Behind a fa?ade of yellow bricks and twinkling string lights is Citrus Indian Fusion, a hub for North and South Indian dishes. Through the restaurant's glass doors, aromas of ginger, garlic, and Andhra spice waft through first?indication that morsels of marinated lamb, chicken, and fish are cooking in a tandoor oven. Next, guests smell the warm, savory scent of dosas?South Indian-style crepes?crisping on a flat grill.
Dishes to Discover
Citrus Indian Fusion's chefs have mastered familiar dishes such as butter chicken and samosas, but they also work to expand palates with recipes from across the Indian subcontinent. Below, we list a few favorites (plus recommendations for who should order them).
This Indo-Chinese appetizer is a favorite among diners who enjoy a bit of heat on the tongue. Chefs dip jalapeno peppers in chickpea batter, deep-fry them, and serve them with a coconut chutney.
If you're not sure what to order, thali?which is served throughout India?is a safe bet. That's because each platter presents a wide assortment of of curries, pickles, chutneys, and other diverse components.
Even curled in a roll, the South Indian-style 70mm dosa is visually impressive?each of the warm, paper-thin crepes is roughly the length of a newspaper. Unrolled, the dosas are large enough to share, or to repurpose as an edible blanket during tabletop naps.
Above all else, the menu at Mezbaan Bar & Indian Cuisine strives to highlight the distinctive and varied flavors of South Asian cuisine. When diners step inside, they’re first greeted by aromas of ginger, saffron, fenugreek, and spicy curry sauce—a fitting preview of what’s to come at the dinner table. These distinctive flavors and spices appear throughout the restaurant’s regionally inspired Indian cuisine, including marinated skewers of chicken, lamb, and seafood that roast inside a traditional tandoor clay oven. But that doesn’t mean the chefs only stick to the standards. In addition to favorites such as saag paneer, they also forge a number of Indo-Chinese entrees and vegetarian dishes that embrace the same bold flavors as the rest of the menu. Draped with sky-blue and cloud-white linens, the tables at Mezbaan spread across two levels of seating. An elegant crystal chandelier helps light the spacious, high-ceilinged lower section and the second floor offers a bit more privacy for events or for licking plates clean without judgment.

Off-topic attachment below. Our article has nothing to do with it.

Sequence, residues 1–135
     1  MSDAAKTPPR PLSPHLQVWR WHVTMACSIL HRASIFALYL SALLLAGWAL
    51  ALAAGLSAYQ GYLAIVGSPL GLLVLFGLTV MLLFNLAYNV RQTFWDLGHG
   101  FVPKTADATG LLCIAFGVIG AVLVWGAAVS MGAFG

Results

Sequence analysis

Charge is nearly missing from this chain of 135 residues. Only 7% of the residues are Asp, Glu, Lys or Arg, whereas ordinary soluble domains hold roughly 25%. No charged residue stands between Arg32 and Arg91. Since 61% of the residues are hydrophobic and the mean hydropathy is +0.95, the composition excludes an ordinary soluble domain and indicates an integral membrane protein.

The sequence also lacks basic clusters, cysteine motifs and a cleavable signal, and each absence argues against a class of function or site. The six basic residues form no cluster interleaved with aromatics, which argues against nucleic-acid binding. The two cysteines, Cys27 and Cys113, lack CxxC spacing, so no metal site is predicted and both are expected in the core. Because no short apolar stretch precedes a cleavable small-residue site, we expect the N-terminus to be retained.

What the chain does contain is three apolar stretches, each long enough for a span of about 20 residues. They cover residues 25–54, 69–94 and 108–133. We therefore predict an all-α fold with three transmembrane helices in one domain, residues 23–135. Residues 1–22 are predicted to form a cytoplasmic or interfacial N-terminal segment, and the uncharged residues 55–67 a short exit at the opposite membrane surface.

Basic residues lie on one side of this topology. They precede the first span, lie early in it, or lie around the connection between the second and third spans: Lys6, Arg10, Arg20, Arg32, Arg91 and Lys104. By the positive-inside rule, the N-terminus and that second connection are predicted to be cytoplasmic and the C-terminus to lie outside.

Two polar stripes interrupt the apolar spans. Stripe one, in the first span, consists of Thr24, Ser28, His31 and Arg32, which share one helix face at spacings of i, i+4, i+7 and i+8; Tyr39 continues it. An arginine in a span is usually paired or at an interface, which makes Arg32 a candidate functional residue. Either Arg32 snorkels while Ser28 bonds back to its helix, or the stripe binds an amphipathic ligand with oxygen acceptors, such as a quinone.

Chemmeen's chefs remain true to the spice-laden essence of southern Indian cuisine by faithfully re-creating some of the region's most iconic dishes. In addition to crisping dosas on the griddle and roasting skewered chicken in the kitchen's tandoor, the chefs incorporate familiar flavors by adding liberal doses of dried red chilies, coconut, and native vegetables to the entrees. The menu also acknowledges Indian cuisine's international influences by featuring a selection of Indo-Chinese fried rice and noodle dishes, which combine ingredients from both countries.
Clad in revealing outfits, Tokyo Playground's beautiful waitresses don't adhere to the quiet formalness normally associated with Japanese dining. Then again, at Tokyo Playground, neither does anything else. Helped by its scantily clad waitstaff, the restaurant instead throws on the mantle of a rowdy American sports bar, pairing Japanese cuisine with upbeat music and sports broadcast on HDTVs. Like a dolphin's toy box, the menu is predominantly filled with sushi—36 specialty rolls include the Fiesta roll with spicy tuna, sweet fried tofu, and avocado. Forgoing the roll, the nigiri and sashimi selection includes live giant clams and spanish mackerel. Bento boxes pair sushi or teriyaki entrees with rice and salad, and a chef's-choice sushi combo gives the chef license to pair rolls thought up on the spot. Of course, pockets of the menu highlight the sports-bar angle with snacks such as the japanese nachos covered in spicy ground tuna. To wash it all down, the bar slings sake bombs made from hot sake and Sapporo.
Although it now has more than 430 locations in 28 countries, Hooters wasn?t always welcomed by the public. In fact, when it opened in October 1983 in Clearwater, Florida, the founders of the restaurant were ?quickly detained for impersonating restaurateurs,? according to the company's website. But the restaurant was able to prove it was more than just a pretty face?that it was serious about serving tasty American food and frosty brews?and its popularity exploded in the decades to follow.
Amid its beach-themed vibe and flat-screen TVs, Hooters still fuels appetites with original chicken wings, burgers, sandwiches, and fresh salads. Of course, nobody carries those casual eats and icy pitchers better than the Hooters girls. To complement their friendly smiles, their uniforms harken back to the ones the original waitresses wore in 1983: orange hot shorts and white tank tops with the emblematic owl on the front?though that owl has lost its Lionel Richie perm.
Through a window into the kitchen, patrons watch a pantomime of chefs battering fried chicken and drizzling truffle oil over bowls of mac 'n' cheese. To prepare the upscale, southern-inspired comfort fare at Cellar 9 Restaurant & Bar, its executive chef visits farmers' markets every week. He brings back local and seasonal produce to accompany plates of demi-glazed short ribs and crispy flatbreads. Housemade desserts include cinnamon doughnuts and lemon-blueberry bread pudding. While the food menu is streamlined, one might need the assistance of a waiter or grizzled sea captain to navigate the expansive wine list, a well-rounded collection of red, white, sparkling, and port wines.